The Journal ran a story Sunday on Rhode Island’s new efforts to deal with coastal erosion. It’s a decent piece, but it understresses a couple of important points and misses a few more.
First, the problem of shore erosion has been and will continue to be intensified by sea level rises pushed by global warming, which, yes, is caused by people. In fact, we might do well to skip the middle man and just say that climate change, like Soylent Green, is people. People are accelerating the erosion of Rhode Island’s shore. That approach would be perhaps uncomfortably blunt, but the ProJo is suspiciously tactful on the matter. Their article mentions rising sea levels and worsening storms as if these phenomena are happening for no reason at all.
Second, it’s important to note that the problem of shore erosion requires collective action. We’re talking about a threat to common property–property no one in Rhode Island can own privately. Sure, private property is in danger, too, but the site of the first damage and of the bulwarks against further damage will be the commonly-owned shore. Towards the end, the article has an interesting thing to say about the different incentives posed by slow erosion and big emergencies, such as hurricanes, but it leaves understated the importance of the property status of Rhode Island’s shore.
Then there a couple of things left entirely unsaid. Most important among them is a question: what does Rhode Island want to do with its life?
The impetus for the ProJo piece are the actions being taken by RI’s Coastal Resources Management Council to combat shore erosion, mainly a $1.3 million study that will lead to a Special Area Management Plan. Much of the article focuses on the technical solutions to shore erosion the study may discover, but more important are the values the study will bring to the fore–the values of the people who live around Narragansett Bay. What do they actually want out of the Bay? What do they want it to do?
Other people, in other places, have expressed quite clear values in their approach to caring for their shores. Last month, North Carolina infamously, madly, risibly drafted a bill that would require the state to ignore accelerated sea level rise in its shore management planning. When this brand of stupidity makes it to the level of a state legislature and becomes formalized in actual legislation, it transforms into something more than stupidity: it’s now a value. North Carolinians prefer posturing against anthropogenic climate change to having a beautiful, healthy shore. It’s a choice.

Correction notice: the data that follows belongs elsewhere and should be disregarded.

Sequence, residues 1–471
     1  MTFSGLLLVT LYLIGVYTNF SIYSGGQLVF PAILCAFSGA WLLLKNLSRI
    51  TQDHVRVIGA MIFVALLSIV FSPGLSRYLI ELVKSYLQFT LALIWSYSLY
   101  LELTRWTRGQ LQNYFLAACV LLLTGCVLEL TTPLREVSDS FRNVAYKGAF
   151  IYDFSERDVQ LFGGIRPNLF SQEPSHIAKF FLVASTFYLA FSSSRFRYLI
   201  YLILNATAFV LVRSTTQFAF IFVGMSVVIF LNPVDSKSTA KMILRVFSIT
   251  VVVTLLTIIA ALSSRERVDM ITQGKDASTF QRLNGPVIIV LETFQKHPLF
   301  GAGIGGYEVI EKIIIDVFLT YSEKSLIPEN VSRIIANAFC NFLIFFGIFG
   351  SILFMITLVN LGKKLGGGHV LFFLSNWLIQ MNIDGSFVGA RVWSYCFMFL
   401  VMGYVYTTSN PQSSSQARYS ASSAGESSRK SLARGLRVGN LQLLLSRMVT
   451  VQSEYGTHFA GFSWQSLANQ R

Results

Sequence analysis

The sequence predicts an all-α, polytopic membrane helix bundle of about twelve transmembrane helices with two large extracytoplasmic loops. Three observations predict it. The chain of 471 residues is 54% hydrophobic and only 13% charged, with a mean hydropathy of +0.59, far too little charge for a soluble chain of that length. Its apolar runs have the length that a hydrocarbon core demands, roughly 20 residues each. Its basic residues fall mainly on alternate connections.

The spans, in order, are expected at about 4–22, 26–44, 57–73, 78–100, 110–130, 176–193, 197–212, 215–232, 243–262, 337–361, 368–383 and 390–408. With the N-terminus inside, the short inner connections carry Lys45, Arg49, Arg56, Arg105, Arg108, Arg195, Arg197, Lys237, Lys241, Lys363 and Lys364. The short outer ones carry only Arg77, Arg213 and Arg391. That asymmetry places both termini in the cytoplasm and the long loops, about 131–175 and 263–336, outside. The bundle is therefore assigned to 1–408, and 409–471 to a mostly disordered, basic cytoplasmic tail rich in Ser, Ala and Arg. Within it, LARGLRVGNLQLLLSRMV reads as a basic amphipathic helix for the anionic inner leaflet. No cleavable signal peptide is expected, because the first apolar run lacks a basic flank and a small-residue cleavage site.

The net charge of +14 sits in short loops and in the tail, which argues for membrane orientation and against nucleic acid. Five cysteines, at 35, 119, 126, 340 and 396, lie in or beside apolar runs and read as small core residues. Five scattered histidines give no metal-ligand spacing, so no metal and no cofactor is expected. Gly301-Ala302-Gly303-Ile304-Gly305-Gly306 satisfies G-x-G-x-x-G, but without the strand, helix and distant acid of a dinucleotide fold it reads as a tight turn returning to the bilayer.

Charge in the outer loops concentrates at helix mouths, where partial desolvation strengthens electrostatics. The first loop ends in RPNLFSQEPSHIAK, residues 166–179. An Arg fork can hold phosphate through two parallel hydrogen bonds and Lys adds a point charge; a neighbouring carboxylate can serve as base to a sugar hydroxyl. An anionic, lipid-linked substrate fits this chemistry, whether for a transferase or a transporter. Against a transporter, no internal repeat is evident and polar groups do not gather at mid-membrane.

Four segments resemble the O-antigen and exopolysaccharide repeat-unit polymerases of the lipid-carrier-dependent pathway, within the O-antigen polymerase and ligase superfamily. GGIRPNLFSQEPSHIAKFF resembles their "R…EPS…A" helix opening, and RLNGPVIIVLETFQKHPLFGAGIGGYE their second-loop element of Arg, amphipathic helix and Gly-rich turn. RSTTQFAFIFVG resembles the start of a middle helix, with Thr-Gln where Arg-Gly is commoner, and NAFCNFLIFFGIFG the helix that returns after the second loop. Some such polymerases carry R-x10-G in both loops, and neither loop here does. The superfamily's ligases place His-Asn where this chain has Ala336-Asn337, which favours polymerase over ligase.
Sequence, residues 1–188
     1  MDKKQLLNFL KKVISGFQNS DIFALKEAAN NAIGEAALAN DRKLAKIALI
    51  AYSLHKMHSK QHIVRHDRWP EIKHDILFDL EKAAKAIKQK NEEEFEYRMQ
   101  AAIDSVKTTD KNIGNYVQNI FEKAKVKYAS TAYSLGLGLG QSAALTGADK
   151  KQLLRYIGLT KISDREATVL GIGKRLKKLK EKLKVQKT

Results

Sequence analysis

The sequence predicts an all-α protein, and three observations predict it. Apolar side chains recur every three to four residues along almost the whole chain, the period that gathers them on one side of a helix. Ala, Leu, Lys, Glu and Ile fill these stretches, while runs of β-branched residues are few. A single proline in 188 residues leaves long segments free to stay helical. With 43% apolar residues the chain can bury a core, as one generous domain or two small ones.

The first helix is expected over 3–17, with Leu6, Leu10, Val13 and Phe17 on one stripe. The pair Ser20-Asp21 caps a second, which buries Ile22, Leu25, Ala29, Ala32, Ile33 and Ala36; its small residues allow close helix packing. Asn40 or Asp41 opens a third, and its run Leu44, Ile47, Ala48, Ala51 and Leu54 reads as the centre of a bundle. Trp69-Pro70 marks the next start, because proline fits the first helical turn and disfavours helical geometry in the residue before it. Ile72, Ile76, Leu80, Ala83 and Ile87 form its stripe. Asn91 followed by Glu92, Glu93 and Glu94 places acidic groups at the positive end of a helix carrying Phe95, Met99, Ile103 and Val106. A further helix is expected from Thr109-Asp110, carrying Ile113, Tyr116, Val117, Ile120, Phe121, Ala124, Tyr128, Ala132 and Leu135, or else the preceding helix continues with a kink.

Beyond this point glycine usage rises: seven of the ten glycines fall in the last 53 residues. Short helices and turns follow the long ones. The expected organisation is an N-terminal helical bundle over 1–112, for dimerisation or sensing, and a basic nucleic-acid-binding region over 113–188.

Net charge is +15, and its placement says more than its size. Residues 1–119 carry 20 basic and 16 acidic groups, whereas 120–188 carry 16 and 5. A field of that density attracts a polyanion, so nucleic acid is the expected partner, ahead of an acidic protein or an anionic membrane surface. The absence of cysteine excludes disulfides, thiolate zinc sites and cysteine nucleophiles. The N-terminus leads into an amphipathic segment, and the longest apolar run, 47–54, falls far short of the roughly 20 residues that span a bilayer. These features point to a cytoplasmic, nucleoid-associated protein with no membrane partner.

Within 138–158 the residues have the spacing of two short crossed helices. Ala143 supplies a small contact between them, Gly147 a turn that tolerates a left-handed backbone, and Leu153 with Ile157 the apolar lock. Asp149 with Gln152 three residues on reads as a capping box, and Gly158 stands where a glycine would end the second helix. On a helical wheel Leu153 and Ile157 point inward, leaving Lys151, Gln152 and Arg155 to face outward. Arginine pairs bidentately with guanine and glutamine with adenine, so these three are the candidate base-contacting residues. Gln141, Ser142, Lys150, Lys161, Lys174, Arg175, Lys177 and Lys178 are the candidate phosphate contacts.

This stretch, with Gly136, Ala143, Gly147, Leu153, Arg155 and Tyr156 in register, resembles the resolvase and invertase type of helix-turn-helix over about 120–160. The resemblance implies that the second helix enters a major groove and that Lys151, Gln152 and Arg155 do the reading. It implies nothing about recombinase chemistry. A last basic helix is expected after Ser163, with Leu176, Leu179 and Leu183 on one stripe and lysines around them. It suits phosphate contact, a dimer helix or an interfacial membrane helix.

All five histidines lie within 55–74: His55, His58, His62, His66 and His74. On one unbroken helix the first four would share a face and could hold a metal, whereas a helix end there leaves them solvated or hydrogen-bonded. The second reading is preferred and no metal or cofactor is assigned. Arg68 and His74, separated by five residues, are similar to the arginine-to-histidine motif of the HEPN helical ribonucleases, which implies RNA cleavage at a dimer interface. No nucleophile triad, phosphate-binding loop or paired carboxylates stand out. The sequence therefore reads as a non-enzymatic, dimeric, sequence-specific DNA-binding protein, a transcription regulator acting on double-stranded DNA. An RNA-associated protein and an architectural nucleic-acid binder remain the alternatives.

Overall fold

We’ll see what choices Rhode Islanders make as the CRMC study develops.
The other thing–a very important thing–the ProJo article misses is the strong evidence that SAMPs can work. After the 2003 fish kill in Greenwich Bay, CRMC convened some big meetings to figure out what could be done to prevent such calamities. One of the outcomes was the Greenwich Bay Special Area Management Plan.
This plan called for, among other things, sewer tie-ins for homes by the shore. The problem that needed to be addressed was that nitrates from septic tanks leech into the Bay where they feed huge algae blooms, which, after they blossom, die and decompose. The bacteria that feed on the decomposing algae suck up massive amounts of oxygen, and this process can cause hypoxia, low-oxygen events that asphyxiate fish.
There is evidence that the Greenwich Bay SAMP has cleaned up the Bay. Warwick delivered lots of sewer tie-ins, and, in 2010, DEM and the Department of Health found that a large patch of water in front of Apponaug Cove, a patch of water closed for almost two decades on account of bad fecal coliform bacteria counts, had become clean enough to open for shellfishing.
That’s serious. The bacterial standard for shellfishing is more stringent than that for drinking water. So, by caring for the poor menhaden who died in 2003, the people who live around Narragansett Bay made a thick bed of quahaugs available for commercial harvest in 2010. In mid-December of that year, several hundred guys crammed into the water in front of Apponaug Cove to make a day’s pay digging quahaugs.
The Bay is interconnected. It’s complex. But it can be managed properly. It can be well-kept. The important thing to recognize is, not only can Rhode Islanders’ values be reflected in the actions they take with regard to the Bay, but these values will be reflected, no matter what.